The fish may be big, but catching them is relatively simple. Fishermen should use heavy rods, reels and line, but the most popular rig is pretty basic — just a heavy sinker and a big hook adorned with a gob of night crawlers. Heinrich advises anglers new to the area to look for concentrations of boats and fish near them.
“It’s not difficult at all,” he said. “And even a small sturgeon is likely to be the biggest fish of your life.”
Many people are drawn to open water the moment the ice goes out. Luckily for them, there are crappies — hard-fighting, fine-tasting panfish that can be found in shallow water throughout the spring. There are many lakes in the metro area with crappies, but few parallel Lake Minnetonka when it comes to opportunities. Almost as soon as the ice leaves the lake, anglers — some from boats, many from shore — begin plying Minnetonka’s abundant bays and channels.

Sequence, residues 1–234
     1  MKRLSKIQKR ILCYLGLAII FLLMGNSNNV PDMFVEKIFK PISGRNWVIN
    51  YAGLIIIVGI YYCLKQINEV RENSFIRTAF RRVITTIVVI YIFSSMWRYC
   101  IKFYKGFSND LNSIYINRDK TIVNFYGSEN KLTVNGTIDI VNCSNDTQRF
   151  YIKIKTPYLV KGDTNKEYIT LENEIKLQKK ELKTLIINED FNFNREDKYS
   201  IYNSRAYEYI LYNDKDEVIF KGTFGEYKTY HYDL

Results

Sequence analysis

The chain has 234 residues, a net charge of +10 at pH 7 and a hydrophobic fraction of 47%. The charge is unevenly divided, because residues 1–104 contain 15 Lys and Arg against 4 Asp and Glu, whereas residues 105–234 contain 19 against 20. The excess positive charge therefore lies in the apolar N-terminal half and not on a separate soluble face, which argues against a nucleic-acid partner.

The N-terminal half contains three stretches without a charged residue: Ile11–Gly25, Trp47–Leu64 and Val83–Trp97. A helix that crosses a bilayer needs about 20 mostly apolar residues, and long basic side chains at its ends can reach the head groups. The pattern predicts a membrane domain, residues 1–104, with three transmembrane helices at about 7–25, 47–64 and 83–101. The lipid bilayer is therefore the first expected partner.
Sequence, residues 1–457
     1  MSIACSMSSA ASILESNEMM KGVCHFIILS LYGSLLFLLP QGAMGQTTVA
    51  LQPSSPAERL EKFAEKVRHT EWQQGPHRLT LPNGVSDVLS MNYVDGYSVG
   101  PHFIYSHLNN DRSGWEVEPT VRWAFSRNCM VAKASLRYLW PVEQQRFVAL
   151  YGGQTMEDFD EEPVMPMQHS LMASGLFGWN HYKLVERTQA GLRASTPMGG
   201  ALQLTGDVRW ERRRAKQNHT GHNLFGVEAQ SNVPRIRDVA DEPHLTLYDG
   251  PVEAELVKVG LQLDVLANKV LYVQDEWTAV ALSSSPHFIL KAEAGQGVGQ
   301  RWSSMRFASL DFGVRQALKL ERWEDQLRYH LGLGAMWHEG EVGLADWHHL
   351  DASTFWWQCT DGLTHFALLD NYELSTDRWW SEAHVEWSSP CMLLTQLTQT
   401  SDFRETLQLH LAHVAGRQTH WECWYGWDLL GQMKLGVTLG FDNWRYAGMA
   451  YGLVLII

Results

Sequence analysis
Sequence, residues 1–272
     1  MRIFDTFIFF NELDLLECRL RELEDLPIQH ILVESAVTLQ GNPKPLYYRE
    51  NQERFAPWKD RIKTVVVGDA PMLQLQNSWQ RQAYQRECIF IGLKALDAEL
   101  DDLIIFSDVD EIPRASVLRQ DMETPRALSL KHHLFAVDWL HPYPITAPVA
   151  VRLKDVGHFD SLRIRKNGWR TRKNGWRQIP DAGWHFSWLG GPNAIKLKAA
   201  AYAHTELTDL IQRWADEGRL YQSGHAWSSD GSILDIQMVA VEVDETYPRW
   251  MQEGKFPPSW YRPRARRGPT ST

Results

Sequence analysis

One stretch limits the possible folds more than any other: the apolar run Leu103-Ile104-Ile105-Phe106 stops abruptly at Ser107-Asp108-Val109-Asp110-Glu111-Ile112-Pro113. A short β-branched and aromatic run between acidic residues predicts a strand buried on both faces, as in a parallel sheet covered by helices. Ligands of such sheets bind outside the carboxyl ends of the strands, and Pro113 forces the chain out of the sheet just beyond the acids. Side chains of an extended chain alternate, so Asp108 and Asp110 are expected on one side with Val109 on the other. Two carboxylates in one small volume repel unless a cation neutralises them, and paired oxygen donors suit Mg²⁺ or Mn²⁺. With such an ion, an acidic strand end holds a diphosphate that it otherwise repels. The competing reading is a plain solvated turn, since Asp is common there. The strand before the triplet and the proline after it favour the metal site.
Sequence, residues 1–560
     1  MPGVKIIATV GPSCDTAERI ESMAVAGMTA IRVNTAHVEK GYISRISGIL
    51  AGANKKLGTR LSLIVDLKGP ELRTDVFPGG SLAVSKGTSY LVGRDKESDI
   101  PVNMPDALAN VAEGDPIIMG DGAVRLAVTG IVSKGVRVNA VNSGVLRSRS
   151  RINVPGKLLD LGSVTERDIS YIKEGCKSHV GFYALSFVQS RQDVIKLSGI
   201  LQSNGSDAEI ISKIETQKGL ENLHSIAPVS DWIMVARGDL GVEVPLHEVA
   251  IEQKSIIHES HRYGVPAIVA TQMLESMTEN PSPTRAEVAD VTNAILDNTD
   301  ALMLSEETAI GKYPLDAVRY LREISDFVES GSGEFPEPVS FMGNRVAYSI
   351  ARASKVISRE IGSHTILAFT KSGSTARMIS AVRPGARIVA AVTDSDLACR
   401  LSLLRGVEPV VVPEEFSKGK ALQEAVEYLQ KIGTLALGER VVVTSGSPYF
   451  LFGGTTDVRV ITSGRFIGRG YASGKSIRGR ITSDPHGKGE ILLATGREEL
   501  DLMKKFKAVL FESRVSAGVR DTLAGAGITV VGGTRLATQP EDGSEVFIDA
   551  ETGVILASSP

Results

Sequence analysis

“They’re pretty much in full swing already, and have been since the ice went out,” said Tim Sonenstahl, one of the owners of Wayzata Bait and Tackle. “Typically they’re catching them in five or six feet of water.”
Sonenstahl advised fishermen to focus on the north sides of mud-bottomed bays, where the water is warmest. While crappies will spawn in such areas later on, at this time of year they’re in feeding, Sonenstahl said. As for gear, he recommended a small chartreuse, lime-green or pink jig below a bobber. Minnows and small worms are good baits. Whether by boat or by car, fishermen should move around until they find fish, he said. Anglers who catch a few and bring them home are in for a treat.
“They’re really good to eat this time of year — the meat is nice and firm because they’re coming out of cold water,” Sonenstahl said.